is proud to present the adventures of Ben
very own Renaissance man: author, broadcaster, and former senior
editor and writer at Rolling Stone Magazine. This guy's our hero!
Ben was a featured character in the movie "Almost Famous,"
the Oscar and Golden Globe-winning film by Cameron Crowe.
To help promote
Better Luck Tomorrow, Parry Shen, who plays one of the central
characters, simply went to his computer and sent out scads of e-mails,
telling friends and acquaintances how crucial the opening weekend
would be for the film. How this Asian-American teenage-wasteland
social satire did in New York, Los Angeles, and San Francisco would
determine how its distributor, Paramount, would treat the movie
in other markets. And how BLT did might well determine whether
other Asian-American-focused films would get green-lighted.
“Just see this
film,” he implored. “That is your vote.”
I saw it, and
am happy to report that BLT deserves the grass-roots PR blitz.
It also deserves the rave reviews it’s piled up since its showings
last year at various film festivals, including Sundance. With its
mid-April release, the raves have become a mini-avalanche. And I
am happy to say that the theater was packed at the 5:30 p.m. showing
Dianne and I attended, and that a long line awaited the next screening.
pleased for Parry, who first wrote me about three years ago, saying
he was up for a role, portraying me in Almost Famous, and
could he get some tips on how I spoke. We had several pleasant exchanges,
and, even after he (and a couple hundred others) lost the part to
Terry Chen, he kept me apprised of his career. It was mostly small
parts, until Better Luck Tomorrow.
he plays a guy named Ben, a high school brainiac who does all the
right things -- scoring excellent grades, making the basketball
team, joining in extracurricular and community activities -- and
allows himself to drift into all the wrong things, too: money-making
scams, heists, drug sales, and, ultimately, worse. It’s true, as
a few critics have said, that Ben Manibag and his gang turn Asian
American stereotypes not only on their heads, but are also as amoral
and debased as they are driven to excellence and success. It’s a
conflict with which many Americans are saddled.
I think it’s
fine that these kids, model minorities on the surface, show and
even flaunt their dark sides. Haven’t we had enough of the stereotypes?
Isn’t there room for at least one film that takes those clichés
and messes them up? Especially when it’s done as skillfully and
entertainingly as director Justin Lin, his co-writers, and his cast
and crew do here?
With what he’s
accomplished on a reported $250,000 budget, much of it acquired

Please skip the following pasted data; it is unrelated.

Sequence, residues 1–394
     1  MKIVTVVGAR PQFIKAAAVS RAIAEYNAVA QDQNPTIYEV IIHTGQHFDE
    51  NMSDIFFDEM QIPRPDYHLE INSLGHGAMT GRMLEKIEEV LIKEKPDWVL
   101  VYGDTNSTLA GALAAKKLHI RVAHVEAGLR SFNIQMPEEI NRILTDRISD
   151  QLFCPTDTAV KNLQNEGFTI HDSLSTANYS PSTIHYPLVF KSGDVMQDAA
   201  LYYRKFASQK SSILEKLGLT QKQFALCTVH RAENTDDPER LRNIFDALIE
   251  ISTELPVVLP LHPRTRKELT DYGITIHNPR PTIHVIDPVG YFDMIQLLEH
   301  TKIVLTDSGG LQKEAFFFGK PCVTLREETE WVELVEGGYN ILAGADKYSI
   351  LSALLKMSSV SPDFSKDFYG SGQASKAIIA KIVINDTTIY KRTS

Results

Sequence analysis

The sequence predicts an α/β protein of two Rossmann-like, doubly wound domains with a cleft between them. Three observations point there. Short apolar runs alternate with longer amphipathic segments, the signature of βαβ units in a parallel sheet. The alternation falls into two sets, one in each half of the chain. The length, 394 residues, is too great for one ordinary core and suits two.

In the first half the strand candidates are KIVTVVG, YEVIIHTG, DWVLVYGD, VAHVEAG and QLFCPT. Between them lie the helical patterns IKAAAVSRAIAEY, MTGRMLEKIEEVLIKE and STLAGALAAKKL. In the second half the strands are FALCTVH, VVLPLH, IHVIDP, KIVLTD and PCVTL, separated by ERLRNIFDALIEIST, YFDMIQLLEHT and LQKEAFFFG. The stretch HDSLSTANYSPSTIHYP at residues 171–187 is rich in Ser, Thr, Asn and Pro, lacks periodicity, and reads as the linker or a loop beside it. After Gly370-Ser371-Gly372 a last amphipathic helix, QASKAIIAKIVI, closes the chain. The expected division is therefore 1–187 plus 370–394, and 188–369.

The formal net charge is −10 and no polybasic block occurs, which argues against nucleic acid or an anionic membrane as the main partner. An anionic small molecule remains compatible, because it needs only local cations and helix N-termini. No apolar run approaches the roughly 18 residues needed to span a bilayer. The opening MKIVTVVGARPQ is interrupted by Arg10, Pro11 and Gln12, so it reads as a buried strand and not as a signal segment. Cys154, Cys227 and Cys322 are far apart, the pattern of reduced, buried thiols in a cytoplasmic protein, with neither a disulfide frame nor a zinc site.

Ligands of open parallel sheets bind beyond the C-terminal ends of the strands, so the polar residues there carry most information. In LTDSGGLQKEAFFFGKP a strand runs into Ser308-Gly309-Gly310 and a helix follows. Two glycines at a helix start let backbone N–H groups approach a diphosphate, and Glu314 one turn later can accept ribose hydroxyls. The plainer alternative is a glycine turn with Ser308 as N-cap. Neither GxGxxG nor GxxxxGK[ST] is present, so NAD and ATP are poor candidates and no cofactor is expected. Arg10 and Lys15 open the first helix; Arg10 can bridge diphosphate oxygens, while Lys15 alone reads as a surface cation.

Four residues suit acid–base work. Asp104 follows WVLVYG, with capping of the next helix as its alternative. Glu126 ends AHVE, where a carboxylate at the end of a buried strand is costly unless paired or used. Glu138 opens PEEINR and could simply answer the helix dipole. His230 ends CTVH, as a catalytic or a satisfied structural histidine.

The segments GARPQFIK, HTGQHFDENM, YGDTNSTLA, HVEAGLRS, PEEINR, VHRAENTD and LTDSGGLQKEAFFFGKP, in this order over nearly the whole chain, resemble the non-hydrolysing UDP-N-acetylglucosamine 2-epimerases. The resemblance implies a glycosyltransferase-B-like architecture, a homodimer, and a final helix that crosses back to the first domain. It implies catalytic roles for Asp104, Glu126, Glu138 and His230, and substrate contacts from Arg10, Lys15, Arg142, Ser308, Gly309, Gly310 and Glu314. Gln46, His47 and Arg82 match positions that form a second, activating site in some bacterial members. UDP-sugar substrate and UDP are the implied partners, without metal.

with a fistful of credit cards, Lin is set for the future. I’m hoping
the same holds true for other Asian American filmmakers and actors.
my wife, thought Parry was excellent -- “but he wouldn’t have been
a good Ben Fong-Torres.” I agree. Terry looked and sounded closer
to me. But Parry made a great Ben Manibag, and his future looks
to be full of better luck. Just keep those e-mails coming…
My alma mater,
San Francisco State University, has seen fit to induct me into its
Alumni Hall of Fame. Or, as it should be called in my case, the
Hall of Almost Fame … I’m honored, and a little flabbergasted. After
all, I basically got booted off campus back in ’67 or ’68, when
I was editing the school paper when it was discovered that I had
not officially registered for classes that semester. If, after that
scandal, I can be inducted, there’s gotta be hope for Pete Rose
… Had dim sum the other afternoon with quite a gang, including Amy
Tan, Lizzie Spender (a writer and the wife of Barry Humphries, better
known as Dame Edna), and conductor George Daugherty (he’s part of
the creative team behind Sagwa, the children’s show on PBS based
on one of Amy’s books). Amy, you’ll be happy to know, is wrapping
up a collection of her shorter pieces, and then diving into her
next novel … I got an e-mail the other day from a young man in Taiwan,
asking how I felt about the producers of Almost Famous turning me
into a Caucasian and having a white actor play me. What? Terry Chen
is white? That’ll be news to him—and his parents. A few days later,
the correspondent admitted that he’d seen only the first part of
the film, and thought Philip Seymour Hoffman was portraying me,
and not the legendary rock critic Lester Bangs. I have heard rumors,
however, that Hoffman is actually Chinese ...
A Good Boy
think it’s silly when people grieve over the death of a pet as if
it were a human being. Most of us know better, especially those
of us who’ve been pet owners. Dianne and I just lost Buster, and,
just as it was in the early Eighties, when Puppy, our Pekingese
poodle, died, we were almost unable to speak about it for several
days, especially to family and friends. Unlike most family and friends,
a pet dog is with you 24/7, requires your constant attention, is
focused on you (even if it’s for selfish reasons).
In return, you
get companionship and devotion. Buster, a long-haired Shih-Tzu,
didn’t look like a “Buster” when we gave him that name 15 years
ago, but he came to earn it. He was very much his own dog. But he
was also our little boy. At 15 pounds, he was easy to carry, which
added to the feeling I’d have of being with a baby -- one that would
never grow. Near the end, we knew his time was about up, but there’s
no way to prepare for the loss. Just as there’s no way not to grieve,
to shed tears, to be distracted at all hours by thoughts and memories.
As the song says, thanks for the memories. Thanks, Buster. Good